The History of England from the Invasion of Julius Caesar, to the Revolution in 1688, Volume 15

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Christie & Son; Baldwin & Company; Sharpe & Son; Akerman; Smith & Company ... [and 40 others], 1819 - Great Britain
 

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Page 149 - Tenure whatever, for the unexpired Residue, whatever it may be, of any Term originally created for a Period of not less than...
Page 318 - ... an act for the relief of debtors, with respect to the imprisonment of their persons.
Page 398 - ... out the person whom you will address, by asking his company to take a turn or two with you. You will not fail, on inquiry, to be acquainted with the name and place of abode. According to which direction you will please to send two or three hundred pound bank-notes the next day by the penny-post.
Page 305 - ... and to take all such measures as might be necessary to disappoint or defeat any enterprises or designs of his enemies, as the exigency of affairs might require. The committee of supply forthwith granted a very large sum for these purposes, includir,,r +i," Charge of German mercenaries.
Page 322 - ... this scandalous practice, reciting in the preamble, that such traffic was not only a manifest discouragement and prejudice to the woollen manufactures of Great Britain, but also a relief to the enemy, in consequence of which they were enabled to maintain the war against these kingdoms.
Page 399 - I interpret it as owing to the weakness of human nature; but such proceeding is far from being ingenuous, and may produce bad effects, whilst it is impossible to answer the end proposed...
Page 399 - These, and the former terms complied with, ensure your safety : my revenge, in case of non-compliance, or any scheme to expose me, will be slower, but not less sure ; and strong suspicion, the utmost that can possibly ensue upon it ; while the chances would be tenfold against you.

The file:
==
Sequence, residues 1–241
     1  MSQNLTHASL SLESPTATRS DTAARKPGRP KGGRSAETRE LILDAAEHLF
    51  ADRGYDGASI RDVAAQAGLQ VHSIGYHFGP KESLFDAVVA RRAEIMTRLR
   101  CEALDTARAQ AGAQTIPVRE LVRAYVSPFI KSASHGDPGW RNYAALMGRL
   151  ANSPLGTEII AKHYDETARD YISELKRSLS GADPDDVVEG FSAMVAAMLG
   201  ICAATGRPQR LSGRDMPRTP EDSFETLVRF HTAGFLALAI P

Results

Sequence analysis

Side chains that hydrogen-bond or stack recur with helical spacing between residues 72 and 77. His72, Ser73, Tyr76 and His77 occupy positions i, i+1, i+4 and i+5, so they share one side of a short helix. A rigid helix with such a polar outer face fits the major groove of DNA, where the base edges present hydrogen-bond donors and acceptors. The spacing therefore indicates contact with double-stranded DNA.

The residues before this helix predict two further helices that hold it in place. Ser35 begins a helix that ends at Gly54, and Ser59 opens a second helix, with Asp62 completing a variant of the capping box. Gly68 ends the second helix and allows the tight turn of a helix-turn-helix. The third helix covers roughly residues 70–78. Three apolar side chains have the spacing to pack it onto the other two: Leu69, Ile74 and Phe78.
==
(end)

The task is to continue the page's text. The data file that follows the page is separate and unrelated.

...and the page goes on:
Page 377 - After having congratulated his grace on the unparalleled success which had attended his majesty's arms, and expressed their sense of the king's paternal tenderness for his kingdom of Ireland, they acknowledged, with the deepest sense of gratitude, that protection and indulgence they had enjoyed under his majesty's mild and auspicious reign. They professed the warmest indignation at the threatened invasion of the kingdom by an enemy who, grown desperate from repeated defeats, might possibly make that...
Page 398 - My lord; You receive this as an acknowledgment of your punctuality as to the time and place of meeting on Sunday last, though it was owing to you that it answered no purpose. The pageantry of being armed, and the ensign of your order, were useless, and too conspicuous; you needed no attendant; the place was not calculated for mischief, nor was any intended.
Page 371 - Conflans might have hazarded a fair battle on the open sea without any imputation of temerity ; but he thought proper to play a more artful game, though it did not succeed according to his expectation : he kept his fleet in a body, and retired close in shore, with a view to draw the English squadron among the shoals and islands, on which he hoped they would pay dear for their rashness and impetuosity ; while he and his officers, who were perfectly acquainted with the navigation, could either stay...

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